Our dream of supporting the community as vegetable farmers crashed when a blast of arctic air froze and killed a huge crop of green beans we’d planted in Homestead, Florida, south of Miami. This created $100,000 in debt overnight.

The Farm did not buy nor could it have afforded health insurance. We took care of own healthcare, with a clinic, doctors, nurses, a pharmacy, and were able to care for most needs on our own. However, emergency runs dealing with life and death situations eventually built up overdue bills of well over $100,000 to various hospitals.

There are many other examples of our financial mismanagement. A large crew of people operated and maintained an antiquated internal telephone system. Even though we were installing water systems in other countries, many homes on The Farm did not have running water, but had water delivered each day by two guys driving a truck with a large tank on the back, something we called a “temporary emergency expediency,” that went on for years.

Living in the Bubble

When people joined The Farm, they wanted to live and work inside the community, not turn around and get a job in town. The vast majority of the Farm’s population did not generate any income. It relied on about 100 “basic budget boogie boys” that went out every day doing construction work. Unfortunately, the first oil crisis of the early 1980s brought a stop to much of the construction work.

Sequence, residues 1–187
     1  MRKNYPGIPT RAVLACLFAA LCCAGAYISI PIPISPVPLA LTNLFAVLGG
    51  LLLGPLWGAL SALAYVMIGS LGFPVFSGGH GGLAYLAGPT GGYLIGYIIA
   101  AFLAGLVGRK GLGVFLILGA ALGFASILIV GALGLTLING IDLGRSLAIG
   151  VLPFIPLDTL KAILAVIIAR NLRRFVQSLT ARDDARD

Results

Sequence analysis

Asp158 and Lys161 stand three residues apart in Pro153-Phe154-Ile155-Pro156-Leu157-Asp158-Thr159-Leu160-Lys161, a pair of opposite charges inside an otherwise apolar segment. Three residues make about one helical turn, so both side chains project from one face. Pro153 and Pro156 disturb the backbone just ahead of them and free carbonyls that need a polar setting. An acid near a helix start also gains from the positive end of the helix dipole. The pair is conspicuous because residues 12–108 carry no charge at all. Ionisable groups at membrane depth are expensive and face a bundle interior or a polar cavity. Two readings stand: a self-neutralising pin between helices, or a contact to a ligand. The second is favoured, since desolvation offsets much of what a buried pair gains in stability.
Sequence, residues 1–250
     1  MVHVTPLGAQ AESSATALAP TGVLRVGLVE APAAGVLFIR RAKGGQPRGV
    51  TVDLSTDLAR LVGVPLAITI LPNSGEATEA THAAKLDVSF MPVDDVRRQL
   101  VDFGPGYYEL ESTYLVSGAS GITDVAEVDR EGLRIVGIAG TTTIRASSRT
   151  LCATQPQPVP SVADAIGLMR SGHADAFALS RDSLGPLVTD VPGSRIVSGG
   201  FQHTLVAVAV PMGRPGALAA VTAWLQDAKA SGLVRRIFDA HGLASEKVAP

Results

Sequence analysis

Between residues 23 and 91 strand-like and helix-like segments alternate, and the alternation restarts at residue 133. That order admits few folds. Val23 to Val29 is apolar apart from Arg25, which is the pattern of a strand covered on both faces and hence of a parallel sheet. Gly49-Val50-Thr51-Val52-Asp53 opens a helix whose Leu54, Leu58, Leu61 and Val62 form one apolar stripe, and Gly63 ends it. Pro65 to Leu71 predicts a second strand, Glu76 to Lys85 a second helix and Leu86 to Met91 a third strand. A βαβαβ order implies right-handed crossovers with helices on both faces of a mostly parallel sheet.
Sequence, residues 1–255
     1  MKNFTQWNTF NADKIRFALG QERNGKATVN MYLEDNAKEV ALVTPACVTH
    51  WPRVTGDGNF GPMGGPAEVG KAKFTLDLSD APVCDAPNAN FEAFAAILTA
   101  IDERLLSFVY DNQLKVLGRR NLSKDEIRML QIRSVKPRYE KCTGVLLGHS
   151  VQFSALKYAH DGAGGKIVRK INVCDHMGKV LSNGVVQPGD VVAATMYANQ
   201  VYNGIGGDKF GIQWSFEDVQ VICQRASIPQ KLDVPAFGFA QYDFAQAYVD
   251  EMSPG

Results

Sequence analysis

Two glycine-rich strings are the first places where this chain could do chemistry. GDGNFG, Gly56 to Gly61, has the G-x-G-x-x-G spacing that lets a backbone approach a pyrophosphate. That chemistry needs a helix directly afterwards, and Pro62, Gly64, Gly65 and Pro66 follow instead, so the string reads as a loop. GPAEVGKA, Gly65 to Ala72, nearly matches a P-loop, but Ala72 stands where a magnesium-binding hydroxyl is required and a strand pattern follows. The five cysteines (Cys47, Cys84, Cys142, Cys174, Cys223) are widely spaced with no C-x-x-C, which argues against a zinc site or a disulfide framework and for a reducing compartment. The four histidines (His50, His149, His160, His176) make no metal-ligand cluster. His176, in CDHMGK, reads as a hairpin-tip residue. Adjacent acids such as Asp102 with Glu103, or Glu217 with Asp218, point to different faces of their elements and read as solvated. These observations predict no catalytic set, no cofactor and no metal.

There were a few other sources of income, some guys that ran a trucking company, a couple of doctors working emergency room shifts, but it simply wasn’t enough. There were numerous additional business start-ups, but they weren’t generating sufficient cash flow to make contributions to our communal bank account.  At the time of The Changeover, the community was only bringing in around $6,000, but spending $10,000 a week.